WALKING PAPERS (frontman Jefferson Angell and keyboard player/longtime collaborator Benjamin Anderson) is ringing in the new year with the release of their third single and video, “Divine Intervention,” from their highly anticipated third album, THE LIGHT BELOW, on all digital outlets.
The video, which clocks in at 12:30, was directed By Boredom Killing Business with Cory Ingram, Konstantin Komarov and Bob Wayne and shot in the band’s hometown of Seattle. It premiered yesterday on Classic Rock magazine’s website, Loudersound.com, and can be seen here:
It’s actually a combination of two new songs from THE LIGHT BELOW that were brought together for the David Lynch-inspired clip. As Angell explained to Loudersound.com, “We just showed up and allowed ourselves to be carried away, the song was originally one piece and we broke it into two for the record (‘Divine Intervention’ and ‘Stood Up At The Gates of Heaven’) and when we were editing the video, we decided to put it back as one for an extended art piece. There you have it: ‘Divine Intervention,’ a glorious 12:30 minutes.”
Due out February 5 via Carry On Music, THE LIGHT BELOW is now available for pre-order HERE. Videos for the album’s first two singles, “The Value of Zero” and “What Did You Expect?” can be seen now on the band’s official YouTube page. “This album was different by design,” explains principal writer, vocalist and guitarist Jefferson Angell. “We wanted to pull the arrow back a little further before we let it fly. Music is a liner art form. It’s changes and dynamics are crucial to it’s magic. These songs are special in their approach to their own idea and I’m thrilled to share them with anyone who will listen.”
“Divine Intervention” by WALKING PAPERS–who was called “Seattle’s best rock band” by to the New York Times in 2016–opens with a swaggering riff, representative of principal member guitarist/vocalist Jefferson Angell, and delivers a moody cocktail of blues and alternative rock. To listen to WALKING PAPERS is like gaining access to a secret society, like stumbling upon your new favorite bar behind an unmarked door–the kind where every patron has a story, and every night is a late one. With THE LIGHT BELOW, we’re once again invited behind the velvet curtain, to the smoke-filled room where whiskey-voiced frontman Jefferson Angell holds court, telling his tales over bluesy riffs with an alluring darkness.
With a revolving door of legendary supporting members itching to hop in and jam over the years, including Duff McKagan (Guns N’ Roses), Mike McCready (Pearl Jam), Barrett Martin (Screaming Trees), it’s no surprise that caliber of musicianship is what WALKING PAPERS has become notorious for. This time around, they’ve recruited Will Andrews (drums), Gregor Lothian (Saxophone), and Dean DeLeo (Stone Temple Pilots) for some roof-raising guitar work on “Divine Intervention” as well as “Stood up at the Gates of Heaven.”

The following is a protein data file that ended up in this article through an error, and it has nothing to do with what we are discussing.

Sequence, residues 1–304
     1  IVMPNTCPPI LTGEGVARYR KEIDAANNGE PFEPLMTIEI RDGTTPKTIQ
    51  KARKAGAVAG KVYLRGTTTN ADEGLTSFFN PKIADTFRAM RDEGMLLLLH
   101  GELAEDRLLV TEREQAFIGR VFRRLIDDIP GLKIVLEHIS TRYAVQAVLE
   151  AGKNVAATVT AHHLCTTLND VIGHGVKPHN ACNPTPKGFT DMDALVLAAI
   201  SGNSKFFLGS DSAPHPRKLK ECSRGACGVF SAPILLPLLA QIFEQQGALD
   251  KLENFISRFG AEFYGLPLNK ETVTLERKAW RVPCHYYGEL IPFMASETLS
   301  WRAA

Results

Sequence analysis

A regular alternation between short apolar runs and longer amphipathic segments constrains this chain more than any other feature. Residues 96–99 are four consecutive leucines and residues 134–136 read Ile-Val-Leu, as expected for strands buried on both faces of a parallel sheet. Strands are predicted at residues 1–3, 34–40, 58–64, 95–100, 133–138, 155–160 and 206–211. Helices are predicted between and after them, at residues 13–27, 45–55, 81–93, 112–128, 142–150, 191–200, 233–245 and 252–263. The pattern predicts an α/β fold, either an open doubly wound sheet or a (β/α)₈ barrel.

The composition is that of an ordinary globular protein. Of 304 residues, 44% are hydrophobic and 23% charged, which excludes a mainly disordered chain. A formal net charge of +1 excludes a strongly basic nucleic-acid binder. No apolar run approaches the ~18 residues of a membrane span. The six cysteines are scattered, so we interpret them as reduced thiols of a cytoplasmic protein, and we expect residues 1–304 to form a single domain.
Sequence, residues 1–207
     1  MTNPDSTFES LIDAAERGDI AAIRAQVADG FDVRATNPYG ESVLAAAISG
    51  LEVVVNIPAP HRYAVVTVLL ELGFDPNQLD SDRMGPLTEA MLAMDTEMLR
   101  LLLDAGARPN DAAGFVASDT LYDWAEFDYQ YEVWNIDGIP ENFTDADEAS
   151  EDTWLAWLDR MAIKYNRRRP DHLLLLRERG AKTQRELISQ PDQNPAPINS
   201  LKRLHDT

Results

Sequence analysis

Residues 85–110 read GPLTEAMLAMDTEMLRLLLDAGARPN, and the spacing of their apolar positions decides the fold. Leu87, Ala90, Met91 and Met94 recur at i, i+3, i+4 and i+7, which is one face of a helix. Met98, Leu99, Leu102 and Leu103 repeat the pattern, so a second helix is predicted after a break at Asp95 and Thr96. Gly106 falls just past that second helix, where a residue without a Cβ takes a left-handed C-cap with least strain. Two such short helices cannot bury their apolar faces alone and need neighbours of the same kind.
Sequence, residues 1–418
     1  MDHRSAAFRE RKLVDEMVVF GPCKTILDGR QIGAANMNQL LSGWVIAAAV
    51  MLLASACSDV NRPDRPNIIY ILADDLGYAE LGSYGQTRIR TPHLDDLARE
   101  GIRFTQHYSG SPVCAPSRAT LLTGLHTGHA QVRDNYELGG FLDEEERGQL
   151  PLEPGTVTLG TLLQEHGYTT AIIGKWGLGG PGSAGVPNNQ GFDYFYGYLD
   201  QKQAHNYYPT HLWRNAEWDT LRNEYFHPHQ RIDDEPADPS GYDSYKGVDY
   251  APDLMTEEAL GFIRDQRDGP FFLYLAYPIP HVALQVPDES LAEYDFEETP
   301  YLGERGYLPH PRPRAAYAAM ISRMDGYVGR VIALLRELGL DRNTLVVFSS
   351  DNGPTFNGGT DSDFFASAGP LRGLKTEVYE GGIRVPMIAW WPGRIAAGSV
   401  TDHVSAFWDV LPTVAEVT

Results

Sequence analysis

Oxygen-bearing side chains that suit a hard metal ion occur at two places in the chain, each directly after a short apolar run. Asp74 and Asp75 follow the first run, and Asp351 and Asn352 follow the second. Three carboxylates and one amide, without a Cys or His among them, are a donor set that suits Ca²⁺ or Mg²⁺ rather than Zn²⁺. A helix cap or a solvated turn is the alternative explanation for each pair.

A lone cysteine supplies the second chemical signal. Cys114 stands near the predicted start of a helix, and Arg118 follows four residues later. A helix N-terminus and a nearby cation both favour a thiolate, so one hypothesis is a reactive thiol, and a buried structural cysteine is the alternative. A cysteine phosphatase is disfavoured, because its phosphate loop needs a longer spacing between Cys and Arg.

“Who you’re playing with obviously changes the dynamics of what you’re doing,” explains Angell. “As with most labor of love projects there was blood, sweat and tears, but those shared the space with a lot of laughs and personal epiphanies. It’s never easy to articulate something you hear in your head to another person. But in the end, what we achieved was beyond our expectations and I think we’re all better for it.”
Since the release of the band’s 2013 self-titled debut, and 2018’s WP2, which Classic Rock magazine called “a heady and timeless cocktail of dusty blues and atmospheric grunge that has decades of road-worn experience woven deep into its fibers,” Angell has made sure to stay true to himself and the integrity of the sound he’s built for decades. “More than it being the sound of the blues that inspires me, it’s the feel,” he explains. “To me, it’s a necessary quality in music. It’s like what makes a good singer. Not how many octaves they can hit, but whether or not I believe what they are saying. To me the feel of the blues equals truth. That’s where I want to exist.”
Building off of that foundation, THE LIGHT BELOW incorporates elements from several corners of Seattle’s storied musical history. “From our early days in the industrial music scene to our current work, experimentation and the excitement it creates has continued to run through our veins,” explains Benjamin Anderson. “We’ve always been comfortable in our own skin, but with this record I think we’re shedding some skin that we had grown too comfortable in.”